“This week has been hard.”
While this phrase has unwittingly become my mantra for 2017, this past week was particularly difficult for me, both emotionally and rationally. It is possible, with the distraction of the many and varied antics of the Trump Administration, that you might have missed the coverage on recent ICE (Immigration and Customs Enforcement) raids rounding up 680 undocumented immigrants nationwide. While federal immigration raids are common to most administrations, these raids were particularly concerning for the Hispanic population since Trump has expanded the criteria for targeting and arresting individuals to include those with non-adjudicated criminal records (like 20-year resident and mother, Guadalupe García de Rayos) as well as those without a criminal history entirely. Moreover, two DACA students were detained in recent raids, despite authorized legal status granted under the Obama administration’s deferred action policy. Fear and anxiety are now the everyday realities of undocumented immigrant youth and their families.
These recent developments have really shaken me; and the fact that IU administration refuses to offer sanctuary protection to our undocumented students here on IU campus hasn’t helped my state of mind. It should be noted that IU has offered some resources to students in the way of legal counseling for immigration-related issues and present admissions policy does not require undocumented students to identify their legal status nor does it collect information on undocumented students. However, these small protections are tenuous at best, as demonstrated with the recent introduction of Indiana Senate Bill 423 which would prohibit “postsecondary educational institutions with in-state campuses from restricting any governmental body’s efforts regarding obtaining, maintaining, or sharing information regarding the citizenship or immigration status of an individual.” So while the likelihood of IU to adopt sanctuary policies is rather abysmal, it seems quite probable that some minor protections offered under current IU policy will soon disappear. In short, things will soon only get worse for our undocumented student population here on campus.
Lately it has been hard for me to attend class and work for a campus which has only issued hollow words and demonstrated such reluctance to fully protect its most vulnerable students who fear deportation. While the library touts itself as a sanctuary of inclusivity and diversity, under current IU policy the library—as with any other public area on or off-campus—is simply NOT A SAFE SPACE for undocumented students or community members. Legally, ICE fully has the right to come onto campus, walk through the doors of our libraries, and harass or detain an undocumented person.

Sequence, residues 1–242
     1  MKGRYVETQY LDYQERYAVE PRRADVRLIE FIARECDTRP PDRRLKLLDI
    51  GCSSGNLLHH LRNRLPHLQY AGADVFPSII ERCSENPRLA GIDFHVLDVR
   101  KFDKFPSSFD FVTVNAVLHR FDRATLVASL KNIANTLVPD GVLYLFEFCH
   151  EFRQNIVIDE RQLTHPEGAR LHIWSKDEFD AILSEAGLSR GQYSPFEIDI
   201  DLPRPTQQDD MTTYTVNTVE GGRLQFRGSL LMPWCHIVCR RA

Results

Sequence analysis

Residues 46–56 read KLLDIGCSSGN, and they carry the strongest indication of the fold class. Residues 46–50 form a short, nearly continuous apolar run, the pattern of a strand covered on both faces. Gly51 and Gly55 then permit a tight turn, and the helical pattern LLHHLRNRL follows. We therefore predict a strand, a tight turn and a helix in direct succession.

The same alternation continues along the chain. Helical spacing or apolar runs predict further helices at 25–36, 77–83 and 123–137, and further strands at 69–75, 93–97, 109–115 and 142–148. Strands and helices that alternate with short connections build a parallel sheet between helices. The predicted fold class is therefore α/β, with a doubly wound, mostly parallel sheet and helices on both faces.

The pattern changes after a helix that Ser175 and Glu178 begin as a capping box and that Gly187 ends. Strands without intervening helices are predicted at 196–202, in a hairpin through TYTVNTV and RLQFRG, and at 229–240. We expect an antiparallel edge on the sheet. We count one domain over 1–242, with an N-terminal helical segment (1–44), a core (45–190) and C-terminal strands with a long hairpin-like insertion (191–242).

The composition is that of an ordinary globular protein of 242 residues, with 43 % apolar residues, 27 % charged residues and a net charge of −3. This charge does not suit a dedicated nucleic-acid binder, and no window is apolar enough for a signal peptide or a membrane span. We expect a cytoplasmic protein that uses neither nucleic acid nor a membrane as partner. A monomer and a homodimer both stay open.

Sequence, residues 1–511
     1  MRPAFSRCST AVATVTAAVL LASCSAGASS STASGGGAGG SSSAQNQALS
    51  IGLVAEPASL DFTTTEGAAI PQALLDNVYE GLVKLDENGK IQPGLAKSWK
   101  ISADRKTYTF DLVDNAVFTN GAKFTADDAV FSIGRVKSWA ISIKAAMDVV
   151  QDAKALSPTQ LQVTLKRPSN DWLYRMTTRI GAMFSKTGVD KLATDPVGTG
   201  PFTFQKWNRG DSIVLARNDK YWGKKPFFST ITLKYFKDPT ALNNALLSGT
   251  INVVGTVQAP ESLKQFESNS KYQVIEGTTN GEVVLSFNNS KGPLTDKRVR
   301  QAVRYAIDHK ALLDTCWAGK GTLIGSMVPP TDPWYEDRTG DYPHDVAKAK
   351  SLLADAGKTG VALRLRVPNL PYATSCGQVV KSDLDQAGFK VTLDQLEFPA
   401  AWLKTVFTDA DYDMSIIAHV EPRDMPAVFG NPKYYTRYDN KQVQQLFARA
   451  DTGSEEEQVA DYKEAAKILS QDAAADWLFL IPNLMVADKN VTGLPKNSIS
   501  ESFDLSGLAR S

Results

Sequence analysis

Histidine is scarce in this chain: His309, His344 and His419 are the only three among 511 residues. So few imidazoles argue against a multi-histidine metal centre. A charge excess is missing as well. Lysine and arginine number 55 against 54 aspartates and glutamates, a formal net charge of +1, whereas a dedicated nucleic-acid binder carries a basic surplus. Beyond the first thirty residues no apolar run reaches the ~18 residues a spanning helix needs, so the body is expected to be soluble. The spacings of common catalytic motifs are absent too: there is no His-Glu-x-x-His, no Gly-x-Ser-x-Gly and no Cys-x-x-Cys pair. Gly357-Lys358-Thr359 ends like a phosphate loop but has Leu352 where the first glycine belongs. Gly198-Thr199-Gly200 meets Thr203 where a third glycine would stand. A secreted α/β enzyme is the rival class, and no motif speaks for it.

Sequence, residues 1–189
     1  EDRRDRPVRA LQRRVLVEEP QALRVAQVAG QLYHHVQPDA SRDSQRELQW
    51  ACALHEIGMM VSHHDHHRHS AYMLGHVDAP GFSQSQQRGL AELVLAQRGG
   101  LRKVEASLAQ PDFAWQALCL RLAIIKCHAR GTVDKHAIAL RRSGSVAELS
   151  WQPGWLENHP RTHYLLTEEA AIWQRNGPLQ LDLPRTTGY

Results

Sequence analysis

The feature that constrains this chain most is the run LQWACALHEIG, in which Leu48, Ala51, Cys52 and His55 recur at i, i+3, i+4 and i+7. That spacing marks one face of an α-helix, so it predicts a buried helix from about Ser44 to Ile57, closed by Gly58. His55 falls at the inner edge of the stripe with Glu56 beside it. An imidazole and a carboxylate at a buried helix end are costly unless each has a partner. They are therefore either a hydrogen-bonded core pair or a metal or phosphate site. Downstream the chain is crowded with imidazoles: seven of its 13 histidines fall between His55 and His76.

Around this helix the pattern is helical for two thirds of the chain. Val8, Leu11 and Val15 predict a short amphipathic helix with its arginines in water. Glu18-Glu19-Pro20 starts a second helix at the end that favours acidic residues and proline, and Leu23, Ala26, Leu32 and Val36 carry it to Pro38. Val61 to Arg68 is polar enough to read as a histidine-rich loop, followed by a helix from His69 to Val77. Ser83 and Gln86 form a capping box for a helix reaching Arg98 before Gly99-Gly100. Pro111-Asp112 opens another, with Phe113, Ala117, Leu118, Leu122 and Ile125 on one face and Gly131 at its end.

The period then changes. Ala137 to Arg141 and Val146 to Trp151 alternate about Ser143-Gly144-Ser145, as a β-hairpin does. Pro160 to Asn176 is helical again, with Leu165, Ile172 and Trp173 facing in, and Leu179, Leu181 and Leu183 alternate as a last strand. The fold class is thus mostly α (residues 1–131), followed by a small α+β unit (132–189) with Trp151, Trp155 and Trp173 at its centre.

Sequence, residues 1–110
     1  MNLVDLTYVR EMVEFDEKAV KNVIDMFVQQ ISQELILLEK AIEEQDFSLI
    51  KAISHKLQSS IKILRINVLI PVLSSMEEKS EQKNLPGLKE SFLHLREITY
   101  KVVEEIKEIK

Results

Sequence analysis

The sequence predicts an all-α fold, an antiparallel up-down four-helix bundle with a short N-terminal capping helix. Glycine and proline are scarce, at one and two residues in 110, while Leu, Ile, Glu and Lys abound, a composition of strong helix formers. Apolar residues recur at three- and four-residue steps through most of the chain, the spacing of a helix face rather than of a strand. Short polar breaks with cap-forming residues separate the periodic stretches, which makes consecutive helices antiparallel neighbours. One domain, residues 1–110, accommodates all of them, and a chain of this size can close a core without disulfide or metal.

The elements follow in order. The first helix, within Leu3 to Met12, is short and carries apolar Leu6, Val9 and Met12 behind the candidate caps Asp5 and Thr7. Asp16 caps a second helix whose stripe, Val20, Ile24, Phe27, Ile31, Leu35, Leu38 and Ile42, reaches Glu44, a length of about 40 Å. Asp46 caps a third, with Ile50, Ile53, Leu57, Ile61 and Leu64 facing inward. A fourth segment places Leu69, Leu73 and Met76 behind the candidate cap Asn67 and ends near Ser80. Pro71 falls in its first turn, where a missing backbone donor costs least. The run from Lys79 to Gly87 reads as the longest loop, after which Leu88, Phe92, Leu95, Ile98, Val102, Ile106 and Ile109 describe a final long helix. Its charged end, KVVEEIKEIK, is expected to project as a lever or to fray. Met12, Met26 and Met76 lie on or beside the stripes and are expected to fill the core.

Such realities leave me sick, so you must excuse me if I don’t celebrate the umpteenth suggestion on a library forum proposing a “diversity” program. Typical library work is simply not enough when it comes to this issue, we need to shed (even if only temporarily) our librarianship-as-activism mantle, step outside our bubble of like-minded cohorts, and fight beyond the confines of our library to protect every person’s civil liberties, regardless of that individual’s nationality, residency, or status. The time for book displays and workshops is later; right now we have to urgently confront the oppression within our university walls by standing up to educational and governmental institutions on behalf of those who, understandably, don’t wish to raise their voice too loud for fear of being discovered and targeted. Write to your library dean, write to your Provost, write to President McRobbie, write to your senators. Let them know that you, as a future information professional, not only defend the rhetoric of library values like inclusivity, diversity, tolerance, and equity, but also demand to see such rhetoric reflected in administrative action and policy.
Next Steps & Additional Resources
- Sign this petition requesting further action from IU regarding Trump’s executive orders and a declaration of sanctuary status.
- Contact Senator Michael Young and Senator Michael Delph to tell them you do not support Senate Bill 423, mandating public universities turn over information about undocumented people before its hearing on Tuesday, Feb 21st at 9:30am.
- Refer anyone to this handout [available in a variety of languages] or this handout detailing one’s rights in regards to ICE detainment and deportation.
- Refer anyone to this list of Indiana Chapter lawyers offering pro bono or low-cost service for undocumented students.
- Read this practical guide for bystander intervention and de-escalation tactics if you see something wrong or questionable.
- Read this practical guide to inform the way you share and report immigration raids on social media.
- Contact your legislator, and the members of the education committee, and urge them to support HB1149 in this year’s general assembly session, which will allow undocumented residents of Indiana to pay in-state tuition rather than the significantly higher out-of-state tuition.
- And please use the following scenario to guide you the next time someone at the desk uses the term “illegal” to describe a human being:
I’m interested in finding some resources about the recent legislation that allows illegal immigrants to apply for financial aid.
Sure, I can help with that! We’ll have better luck searching for the term “undocumented” rather than “illegal”, since “illegal” is no longer considered a preferred descriptor due to its dehumanizing connotations and therefore won’t appear in the records we’re looking for. So let’s start searching!